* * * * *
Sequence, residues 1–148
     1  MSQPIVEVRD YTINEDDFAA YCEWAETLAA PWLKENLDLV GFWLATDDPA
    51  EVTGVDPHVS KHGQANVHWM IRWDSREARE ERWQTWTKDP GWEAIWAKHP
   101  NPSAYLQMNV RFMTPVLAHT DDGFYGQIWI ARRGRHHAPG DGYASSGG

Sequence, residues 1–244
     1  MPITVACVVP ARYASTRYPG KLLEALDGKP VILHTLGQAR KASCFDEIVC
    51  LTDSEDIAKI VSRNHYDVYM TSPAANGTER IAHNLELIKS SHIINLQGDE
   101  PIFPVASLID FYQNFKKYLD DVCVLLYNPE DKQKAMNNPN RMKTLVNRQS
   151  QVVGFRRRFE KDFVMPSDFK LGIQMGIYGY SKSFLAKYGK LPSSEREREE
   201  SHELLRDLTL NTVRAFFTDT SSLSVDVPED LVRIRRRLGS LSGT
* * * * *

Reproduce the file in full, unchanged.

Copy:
Sequence, residues 1–148
     1  MSQPIVEVRD YTINEDDFAA YCEWAETLAA PWLKENLDLV GFWLATDDPA
    51  EVTGVDPHVS KHGQANVHWM IRWDSREARE ERWQTWTKDP GWEAIWAKHP
   101  NPSAYLQMNV RFMTPVLAHT DDGFYGQIWI ARRGRHHAPG DGYASSGG

Sequence, residues 1–244
     1  MPITVACVVP ARYASTRYPG KLLEALDGKP VILHTLGQAR KASCFDEIVC
    51  LTDSEDIAKI VSRNHYDVYM TSPAANGTER IAHNLELIKS SHIINLQGDE
   101  PIFPVASLID FYQNFKKYLD DVCVLLYNPE DKQKAMNNPN RMKTLVNRQS
   151  QVVGFRRRFE KDFVMPSDFK LGIQMGIYGY SKSFLAKYGK LPSSEREREE
   201  SHELLRDLTL NTVRAFFTDT SSLSVDVPED LVRIRRRLGS LSGT